Traveling in New Zealand Part 1

Traveling in New Zealand Part 1

Airplane: for those who have little time to travel to the country, it is advisable to cover the distances between the individual travel destinations by air. New Zealand has a well-developed, wide network of domestic flights. The main provider is Air New Zealand. The company connects around 25 cities and destinations in the country. The Australian airline Quantas also operates numerous flight connections within New Zealand, especially between large cities such as Auckland, Wellington, Rotorua, Queenstown and Christchurch.
Furthermore, numerous smaller airlines cover an important part of the flight connections, for example to small offshore islands such as the Great Barrier Island in the Gulf of Hauraki or the Stewart and Chatham Islands.

The main regional airlines include:

Capital Air – connects Wellington and Takaka in Golden Bay,

Great Barrier Airlines – flies back and forth between Great Barrier Island, Auckland, Whangarei and the Coromandel Peninsula,

Air Chathams – flies between the Chathams and Wellington, Christchurch and Auckland,

Stewart Islands Flights – offers flights between Invercargill and Stewart Island.

Air West Coast – flies between Greymouth and Wellington via Westport, – connects destinations around Cook Strait, including Wanganui, Palmerston North, Wellington and Blenheim,
Mountain Air – connects Auckland, Whangarei and the Great Barrier
– Island, Soundsair – offers numerous daily flights over the Cook Strait between Wellington and Kaikoura as well as Blenheim and Nelson,

Ship: the most important shipping line for passenger transport is the Interislander. The line crosses the approximately 35 kilometers wide Cook Strait and connects Wellington (North Island) and Picton (South Island) with each other. There are also regular ferries between Auckland and the islands in the Gulf of Hauraki. A ferry regularly takes passengers across the Foveaux Strait between Oban on the southern tip of the country and Stewart Island.

Rail:Those who travel through New Zealand by train do not gain any time, but can look forward to the sight of breathtaking landscapes on many of the routes. The most beautiful routes, all of which are operated by Tranz Scenic, include the Overlander between Auckland and Wellington, the TranzCoastal between Christchurch and Picton and the TranzAlpine, which crosses the Southern Alps between Chistchurch and Greymouth. With the exception of the Overlander, all routes are used daily. On weekdays there is also a so-called CapitalConnection between Palmerston North and Wellington.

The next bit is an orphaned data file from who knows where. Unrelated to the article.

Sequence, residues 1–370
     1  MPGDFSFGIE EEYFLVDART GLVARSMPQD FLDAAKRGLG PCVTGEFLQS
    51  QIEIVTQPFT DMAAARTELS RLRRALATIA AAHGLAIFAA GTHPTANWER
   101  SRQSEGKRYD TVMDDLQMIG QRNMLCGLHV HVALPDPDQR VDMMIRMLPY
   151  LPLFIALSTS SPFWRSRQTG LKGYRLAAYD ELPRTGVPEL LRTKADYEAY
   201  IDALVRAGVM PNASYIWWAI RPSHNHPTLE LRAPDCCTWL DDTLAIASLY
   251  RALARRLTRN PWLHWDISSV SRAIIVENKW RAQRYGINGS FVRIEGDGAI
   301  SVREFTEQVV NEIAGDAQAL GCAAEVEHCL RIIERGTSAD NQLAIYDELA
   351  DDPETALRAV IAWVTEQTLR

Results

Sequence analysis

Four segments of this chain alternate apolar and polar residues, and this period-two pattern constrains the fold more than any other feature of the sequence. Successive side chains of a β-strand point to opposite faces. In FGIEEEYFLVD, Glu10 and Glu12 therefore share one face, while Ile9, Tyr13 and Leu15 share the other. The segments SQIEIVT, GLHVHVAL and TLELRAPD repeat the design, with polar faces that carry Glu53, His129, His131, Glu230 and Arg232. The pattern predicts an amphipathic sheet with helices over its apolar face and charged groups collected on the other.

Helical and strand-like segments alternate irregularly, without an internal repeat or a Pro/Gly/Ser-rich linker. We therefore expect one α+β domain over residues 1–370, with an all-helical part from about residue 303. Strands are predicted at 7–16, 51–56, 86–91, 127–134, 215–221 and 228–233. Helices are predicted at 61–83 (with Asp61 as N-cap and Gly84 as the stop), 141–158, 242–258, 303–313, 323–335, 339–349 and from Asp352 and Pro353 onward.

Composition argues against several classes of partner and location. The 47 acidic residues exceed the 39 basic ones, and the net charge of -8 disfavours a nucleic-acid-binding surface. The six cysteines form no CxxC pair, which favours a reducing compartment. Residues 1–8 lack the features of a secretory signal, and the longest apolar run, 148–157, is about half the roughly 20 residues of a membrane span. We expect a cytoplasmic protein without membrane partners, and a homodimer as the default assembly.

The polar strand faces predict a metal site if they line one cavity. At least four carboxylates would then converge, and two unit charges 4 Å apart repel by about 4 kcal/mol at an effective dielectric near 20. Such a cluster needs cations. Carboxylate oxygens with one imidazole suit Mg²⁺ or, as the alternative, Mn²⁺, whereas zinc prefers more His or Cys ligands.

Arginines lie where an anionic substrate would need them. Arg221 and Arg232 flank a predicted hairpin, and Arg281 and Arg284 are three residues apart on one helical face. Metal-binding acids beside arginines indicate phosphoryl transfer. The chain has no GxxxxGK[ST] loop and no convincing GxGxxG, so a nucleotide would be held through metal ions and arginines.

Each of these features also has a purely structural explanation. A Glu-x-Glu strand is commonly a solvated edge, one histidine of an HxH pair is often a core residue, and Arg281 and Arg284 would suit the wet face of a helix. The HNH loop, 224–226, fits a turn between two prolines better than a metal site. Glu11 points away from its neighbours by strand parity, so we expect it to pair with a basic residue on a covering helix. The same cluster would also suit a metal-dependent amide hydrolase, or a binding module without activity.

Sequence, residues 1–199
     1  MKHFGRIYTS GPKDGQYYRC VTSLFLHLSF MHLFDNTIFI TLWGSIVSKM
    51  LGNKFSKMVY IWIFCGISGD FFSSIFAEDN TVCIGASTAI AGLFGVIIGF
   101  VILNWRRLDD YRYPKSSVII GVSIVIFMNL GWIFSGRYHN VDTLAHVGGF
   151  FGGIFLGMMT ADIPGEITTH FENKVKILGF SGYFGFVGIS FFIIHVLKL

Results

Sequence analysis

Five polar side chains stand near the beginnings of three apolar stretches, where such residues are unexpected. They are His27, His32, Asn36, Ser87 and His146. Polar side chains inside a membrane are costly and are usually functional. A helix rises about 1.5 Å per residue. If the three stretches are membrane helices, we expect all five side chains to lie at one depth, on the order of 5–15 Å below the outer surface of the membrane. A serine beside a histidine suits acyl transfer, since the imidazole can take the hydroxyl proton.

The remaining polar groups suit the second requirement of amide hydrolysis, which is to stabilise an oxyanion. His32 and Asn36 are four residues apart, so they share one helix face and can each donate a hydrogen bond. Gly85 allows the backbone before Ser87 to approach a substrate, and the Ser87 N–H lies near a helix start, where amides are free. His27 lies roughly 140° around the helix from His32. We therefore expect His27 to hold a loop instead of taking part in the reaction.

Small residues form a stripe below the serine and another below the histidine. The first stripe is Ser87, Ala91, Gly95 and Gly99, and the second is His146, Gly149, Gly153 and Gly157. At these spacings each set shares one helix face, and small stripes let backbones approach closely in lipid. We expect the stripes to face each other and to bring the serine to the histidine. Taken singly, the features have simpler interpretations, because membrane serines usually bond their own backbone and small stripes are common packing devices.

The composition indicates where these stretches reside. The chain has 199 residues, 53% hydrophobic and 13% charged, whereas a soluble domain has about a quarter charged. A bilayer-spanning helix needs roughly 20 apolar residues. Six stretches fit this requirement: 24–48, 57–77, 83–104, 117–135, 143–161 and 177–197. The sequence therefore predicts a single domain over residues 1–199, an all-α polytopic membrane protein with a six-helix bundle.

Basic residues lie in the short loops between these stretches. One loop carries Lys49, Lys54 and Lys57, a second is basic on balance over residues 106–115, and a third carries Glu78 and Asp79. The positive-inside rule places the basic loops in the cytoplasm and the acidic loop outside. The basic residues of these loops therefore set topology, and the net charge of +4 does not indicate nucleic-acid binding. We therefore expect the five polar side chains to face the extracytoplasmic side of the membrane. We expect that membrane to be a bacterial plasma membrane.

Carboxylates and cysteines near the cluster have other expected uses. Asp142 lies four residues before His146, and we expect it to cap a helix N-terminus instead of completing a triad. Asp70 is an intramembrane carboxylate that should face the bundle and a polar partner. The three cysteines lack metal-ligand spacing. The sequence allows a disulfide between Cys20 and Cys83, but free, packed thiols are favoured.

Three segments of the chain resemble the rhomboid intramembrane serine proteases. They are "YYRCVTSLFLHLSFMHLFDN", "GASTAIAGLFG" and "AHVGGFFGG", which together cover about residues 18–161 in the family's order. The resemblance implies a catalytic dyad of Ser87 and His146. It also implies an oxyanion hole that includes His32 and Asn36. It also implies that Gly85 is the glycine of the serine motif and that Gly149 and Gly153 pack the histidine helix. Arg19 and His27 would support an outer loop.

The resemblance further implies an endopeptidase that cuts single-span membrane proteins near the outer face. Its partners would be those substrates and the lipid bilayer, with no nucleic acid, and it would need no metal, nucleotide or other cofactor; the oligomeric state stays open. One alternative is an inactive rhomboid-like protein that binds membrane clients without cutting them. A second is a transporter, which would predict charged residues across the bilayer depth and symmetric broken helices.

Tickets are available from Tranz Scenic, most train stations, travel agencies and tourist information centers. There are also brochures with detailed timetables. It’s always worth asking about discounts. Children usually receive a 50 percent discount on the regular price. Students and holders of YHA, VIP and NOMAD backpacker cards receive a 20 percent discount. The overlander route is an exception. In summer, during the school holidays and on weekends, we recommend booking the most popular routes in advance.

Automobile: According to a2zdirectorya great way to see New Zealand in your own way is with your own vehicle. However, it is advisable to have a set of spare tires with you. Gasoline prices vary in New Zealand and are particularly high in remote areas.


Cars There are inexpensive car and mobile home rentals across the country. Traveling with mobile homes is particularly popular in New Zealand. Most cities have campsites or RV parks with electricity connections. The top RV rental companies are Britz, Maui, and Kea Campers.

If you don’t want to dig deep into your own pocket in the event of a claim, you should pay a little more in advance for insurance cover. Smaller landlords often offer cheaper rates. However, most insurances do not cover the cost of glass damage (e.g. the windshield) or damage caused by trips. In addition, the insurance cover partially expires when driving on unpaved roads and beaches. Therefore, travelers who rent a vehicle should always read the fine print.


For longer stays as well as for group tours through New Zealand, it is worth buying a car and selling it for a profit after the trip is over. Buying a vehicle is easiest in Auckland and Christchurch. A good way to find a car is to use the “notice boards” at places that are heavily frequented by backpackers. There, many tourists offer their vehicles for sale before they leave the country again. The purchase prices are often low and the cars are usually well equipped (e.g. with water tanks, tools, road maps and sometimes even with complete camping equipment). Another option is car markets and auctions around Auckland and Christchurch.
Anyone who buys a car should make sure that the vehicle has a valid Warrant of Fitness (WoF) – a certificate that certifies that it is fit to drive. It is valid for six months and must be younger than 28 days when purchased. Sellers are required to report the change of ownership of a vehicle to Land Transport New Zealand. For safety reasons, anyone who buys a car should have it checked by Vehicle Inspection New Zealand or an AA-certified workshop before driving off.

Traveling in New Zealand Part 1

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